With all of the holiday hype peaking this week as last-minute shoppers try to find the perfect gifts for their loved ones, it's only natural that companies able to spare resources have spiced up their web designs. The festive storefronts not only give us a chance to enjoy the seasonal decoration, but they allow us to take a peek at web design trends in a constrained medium.
These designs were chosen at random as I looked around the room or outside for companies that might have websites. Check out the interesting similarities in design. For example, you'll notice that most designs use some variation of crimson or magenta instead of a red with less blue. The exceptions are designs for stores like Target, which have their choice of red integrated into their logo and branding. The Gap's logo, on the other hand, appears in the aforementioned crimson instead of its signature shade of blue.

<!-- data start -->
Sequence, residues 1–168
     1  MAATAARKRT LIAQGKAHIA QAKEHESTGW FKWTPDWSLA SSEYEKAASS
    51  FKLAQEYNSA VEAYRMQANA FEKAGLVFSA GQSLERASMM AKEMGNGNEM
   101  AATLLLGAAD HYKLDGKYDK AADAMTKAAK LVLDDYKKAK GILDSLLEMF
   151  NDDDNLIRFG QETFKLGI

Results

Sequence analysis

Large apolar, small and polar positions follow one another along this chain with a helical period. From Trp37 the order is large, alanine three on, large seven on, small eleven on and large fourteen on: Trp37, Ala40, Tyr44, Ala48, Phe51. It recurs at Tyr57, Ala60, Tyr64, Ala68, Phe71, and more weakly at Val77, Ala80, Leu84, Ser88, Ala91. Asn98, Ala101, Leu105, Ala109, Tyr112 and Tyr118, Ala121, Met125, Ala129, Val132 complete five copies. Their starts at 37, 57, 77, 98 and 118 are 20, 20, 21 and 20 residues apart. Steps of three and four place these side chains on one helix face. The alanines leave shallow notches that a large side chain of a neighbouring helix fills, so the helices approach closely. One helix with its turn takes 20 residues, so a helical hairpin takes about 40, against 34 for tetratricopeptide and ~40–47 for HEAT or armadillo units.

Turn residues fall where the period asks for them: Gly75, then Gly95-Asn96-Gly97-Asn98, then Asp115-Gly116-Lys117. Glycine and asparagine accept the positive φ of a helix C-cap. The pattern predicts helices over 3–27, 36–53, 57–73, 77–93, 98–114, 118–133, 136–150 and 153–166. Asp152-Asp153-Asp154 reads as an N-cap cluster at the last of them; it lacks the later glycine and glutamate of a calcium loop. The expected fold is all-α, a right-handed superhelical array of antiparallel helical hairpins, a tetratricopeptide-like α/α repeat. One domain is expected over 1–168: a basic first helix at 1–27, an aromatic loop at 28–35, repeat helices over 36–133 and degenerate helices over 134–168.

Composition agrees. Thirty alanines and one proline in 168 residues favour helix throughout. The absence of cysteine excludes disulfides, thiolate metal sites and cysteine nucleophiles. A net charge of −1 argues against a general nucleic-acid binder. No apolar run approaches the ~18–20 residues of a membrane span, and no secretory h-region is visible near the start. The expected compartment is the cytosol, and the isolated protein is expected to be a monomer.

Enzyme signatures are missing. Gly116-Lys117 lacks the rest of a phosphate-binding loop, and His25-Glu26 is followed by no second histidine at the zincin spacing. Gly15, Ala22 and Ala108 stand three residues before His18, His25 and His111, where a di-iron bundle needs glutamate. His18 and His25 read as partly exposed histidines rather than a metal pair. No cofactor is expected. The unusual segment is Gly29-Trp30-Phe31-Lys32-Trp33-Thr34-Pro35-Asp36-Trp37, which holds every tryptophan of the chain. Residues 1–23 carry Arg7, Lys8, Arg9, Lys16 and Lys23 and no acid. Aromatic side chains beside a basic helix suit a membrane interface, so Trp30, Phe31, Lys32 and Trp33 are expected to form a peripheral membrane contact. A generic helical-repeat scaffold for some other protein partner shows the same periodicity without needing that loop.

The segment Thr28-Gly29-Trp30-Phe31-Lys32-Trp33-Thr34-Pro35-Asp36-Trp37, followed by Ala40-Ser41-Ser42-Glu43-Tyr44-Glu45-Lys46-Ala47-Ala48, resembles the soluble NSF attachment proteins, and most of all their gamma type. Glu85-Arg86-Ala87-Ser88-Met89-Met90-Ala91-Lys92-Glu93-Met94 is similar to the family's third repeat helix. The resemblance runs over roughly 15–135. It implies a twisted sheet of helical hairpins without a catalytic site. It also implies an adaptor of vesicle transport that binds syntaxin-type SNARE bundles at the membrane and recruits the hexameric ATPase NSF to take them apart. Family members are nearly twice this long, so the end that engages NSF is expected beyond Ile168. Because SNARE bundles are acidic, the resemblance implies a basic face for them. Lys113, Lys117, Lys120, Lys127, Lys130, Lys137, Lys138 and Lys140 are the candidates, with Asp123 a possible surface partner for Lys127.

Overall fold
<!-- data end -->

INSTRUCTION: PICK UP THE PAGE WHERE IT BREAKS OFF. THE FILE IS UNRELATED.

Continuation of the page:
This section seems to have the most heavily seasonal designs. There's a lot of crimson, a bit of green, and a lot of snowflakes or candy canes or other swirly twirlies. These designs are a lot more fun, which is probably due to their seasonal inventory. I have to admit, the large number of big-name site designs that had no holiday decoration at all is a bit disappointing. Why the humbug?
While not nearly as festive as those in the previous section, the car companies should at least get an A for effort. My favorite homage to the holidays in this group is Honda's teeny tiny Christmas tree.
I'm not sure how I came across these sites, and they don't seem to fit in our previous categories, but they've got just enough holiday spirit to appear here. The last one doesn't showcase any Christmas design, but is instead a link to my search for "holiday" on Dribbble's fantastic site.
As you can see, seasonal site designs can offer new opportunities to impact visitors. These designs are often fun and brightly colored, giving you a medium and color palette that lets you showcase your creativity. So what websites or trends in holiday design have you seen?
Wed, December 22, 2010
by Vince Conn